Three by Dickinson II
Poems by Emily Elizabeth Dickinson.
Summer begins to have the look
Peruser of enchanting Book
Reluctantly but sure perceives
A gain upon the backward leaves —
Autumn begins to be inferred
By millinery of the cloud
Or deeper color in the shawl
That wraps the everlasting hill.
The eye begins its avarice
A meditation chastens speech
Some Dyer of a distant tree
Resumes his gaudy industry.
Conclusion is the course of All
At most to be perennial
And then elude stability
Recalls to immortality.
The name — of it — is "Autumn" —
The hue — of it — is Blood —
An Artery — upon the Hill —
A Vein — along the Road —
Great Globules — in the Alleys —
And Oh, the Shower of Stain —
When Winds — upset the Basin —
And spill the Scarlet Rain —
It sprinkles Bonnets — far below —
It gathers ruddy Pools —
Then — eddies like a Rose — away —
Upon Vermilion Wheels —
It was not Death, for I stood up,
And all the Dead, lie down —
It was not Night, for all the Bells
Put out their Tongues, for Noon.
It was not Frost, for on my Flesh
I felt Siroccos — crawl —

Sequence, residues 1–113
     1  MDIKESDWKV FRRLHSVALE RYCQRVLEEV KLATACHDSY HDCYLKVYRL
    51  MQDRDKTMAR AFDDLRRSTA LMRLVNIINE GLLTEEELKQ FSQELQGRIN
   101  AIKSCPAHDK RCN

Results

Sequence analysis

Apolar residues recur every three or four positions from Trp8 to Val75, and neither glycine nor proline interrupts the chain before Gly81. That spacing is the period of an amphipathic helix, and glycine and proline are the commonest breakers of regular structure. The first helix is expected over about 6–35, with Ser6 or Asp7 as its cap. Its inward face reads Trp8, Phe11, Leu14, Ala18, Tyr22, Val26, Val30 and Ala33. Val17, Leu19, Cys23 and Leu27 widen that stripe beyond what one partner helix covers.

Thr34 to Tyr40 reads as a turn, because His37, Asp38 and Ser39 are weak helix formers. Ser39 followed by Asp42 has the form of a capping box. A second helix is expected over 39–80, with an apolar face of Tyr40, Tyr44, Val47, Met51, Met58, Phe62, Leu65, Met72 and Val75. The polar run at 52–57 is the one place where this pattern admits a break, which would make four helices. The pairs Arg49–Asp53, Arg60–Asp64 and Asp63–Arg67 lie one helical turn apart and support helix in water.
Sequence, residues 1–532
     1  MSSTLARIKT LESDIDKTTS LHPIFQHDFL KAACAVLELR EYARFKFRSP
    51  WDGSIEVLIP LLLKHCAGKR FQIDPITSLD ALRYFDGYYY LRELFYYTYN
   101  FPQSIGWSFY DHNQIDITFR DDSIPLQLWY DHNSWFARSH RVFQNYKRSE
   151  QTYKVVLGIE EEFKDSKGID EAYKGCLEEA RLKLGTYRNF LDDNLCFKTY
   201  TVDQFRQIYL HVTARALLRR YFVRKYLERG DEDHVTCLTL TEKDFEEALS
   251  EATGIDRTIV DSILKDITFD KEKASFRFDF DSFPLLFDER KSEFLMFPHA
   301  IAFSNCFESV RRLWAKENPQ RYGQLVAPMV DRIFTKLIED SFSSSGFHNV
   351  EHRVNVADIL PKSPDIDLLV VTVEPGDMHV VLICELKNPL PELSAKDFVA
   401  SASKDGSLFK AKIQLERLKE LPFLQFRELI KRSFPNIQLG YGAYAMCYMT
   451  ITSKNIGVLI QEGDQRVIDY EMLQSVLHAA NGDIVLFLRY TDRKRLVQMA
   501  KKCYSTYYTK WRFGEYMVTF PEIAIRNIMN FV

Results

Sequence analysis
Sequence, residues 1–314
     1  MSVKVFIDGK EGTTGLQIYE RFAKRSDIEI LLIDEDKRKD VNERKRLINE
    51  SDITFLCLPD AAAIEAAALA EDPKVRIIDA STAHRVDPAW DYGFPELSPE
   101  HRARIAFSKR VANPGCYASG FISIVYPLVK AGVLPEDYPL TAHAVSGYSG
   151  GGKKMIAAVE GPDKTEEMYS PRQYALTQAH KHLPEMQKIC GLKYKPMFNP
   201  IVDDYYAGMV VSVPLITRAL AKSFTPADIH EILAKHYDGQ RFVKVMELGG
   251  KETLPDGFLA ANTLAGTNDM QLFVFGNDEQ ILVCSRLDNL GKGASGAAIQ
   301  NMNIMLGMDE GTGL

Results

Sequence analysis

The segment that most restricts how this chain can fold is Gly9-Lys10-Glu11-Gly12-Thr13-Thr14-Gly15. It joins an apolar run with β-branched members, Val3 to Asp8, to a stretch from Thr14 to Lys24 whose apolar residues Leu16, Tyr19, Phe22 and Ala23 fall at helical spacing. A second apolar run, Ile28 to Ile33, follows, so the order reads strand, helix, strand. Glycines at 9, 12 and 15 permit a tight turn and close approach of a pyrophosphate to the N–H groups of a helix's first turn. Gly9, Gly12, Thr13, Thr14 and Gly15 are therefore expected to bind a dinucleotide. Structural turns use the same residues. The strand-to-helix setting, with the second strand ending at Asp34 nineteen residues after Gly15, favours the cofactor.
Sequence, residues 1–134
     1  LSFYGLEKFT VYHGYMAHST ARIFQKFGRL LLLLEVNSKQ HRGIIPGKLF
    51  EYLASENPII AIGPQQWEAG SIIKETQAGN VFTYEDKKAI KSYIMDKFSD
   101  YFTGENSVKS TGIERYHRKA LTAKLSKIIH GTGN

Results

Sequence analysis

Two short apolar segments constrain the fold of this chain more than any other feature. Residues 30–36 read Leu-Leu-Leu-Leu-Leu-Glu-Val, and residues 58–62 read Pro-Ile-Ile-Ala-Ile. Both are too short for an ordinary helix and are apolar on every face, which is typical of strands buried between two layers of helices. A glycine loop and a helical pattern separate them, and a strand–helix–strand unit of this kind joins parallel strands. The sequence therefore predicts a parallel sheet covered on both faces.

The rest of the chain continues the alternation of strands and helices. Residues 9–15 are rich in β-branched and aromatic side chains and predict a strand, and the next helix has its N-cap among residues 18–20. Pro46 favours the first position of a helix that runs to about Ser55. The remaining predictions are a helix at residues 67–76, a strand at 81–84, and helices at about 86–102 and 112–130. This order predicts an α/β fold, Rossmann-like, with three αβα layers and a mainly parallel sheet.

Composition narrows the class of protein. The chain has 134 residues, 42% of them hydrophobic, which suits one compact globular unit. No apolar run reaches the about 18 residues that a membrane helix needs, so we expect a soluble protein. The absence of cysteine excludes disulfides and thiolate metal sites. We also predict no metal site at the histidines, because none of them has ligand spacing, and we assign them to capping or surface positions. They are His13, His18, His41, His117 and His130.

Nor Fire — for just my Marble feet
Could keep a Chancel, cool —
And yet, it tasted, like them all,
The Figures I have seen
Set orderly, for Burial,
Reminded me, of mine —
As if my life were shaven,
And fitted to a frame,
And could not breathe without a key,
And 'twas like Midnight, some —
When everything that ticked — has stopped —
And Space stares all around —
Or Grisly frosts — first Autumn morns,
Repeal the Beating Ground —
But, most, like Chaos — Stopless — cool —
Without a Change, or Spar —
Or even a Report of Land —
To justify — Despair.
The Complete Poems of Emily Dickinson (1960), ed. Thomas H. Johnson, pp. 687, 326f, 248f.
See also Three by Dickinson: Poems by Emily Elizabeth Dickinson.
Lane Core Jr. CIW P Sun. 10/10/04 09:13:47 AM
Categorized as Literary & Sunday Poetry Series.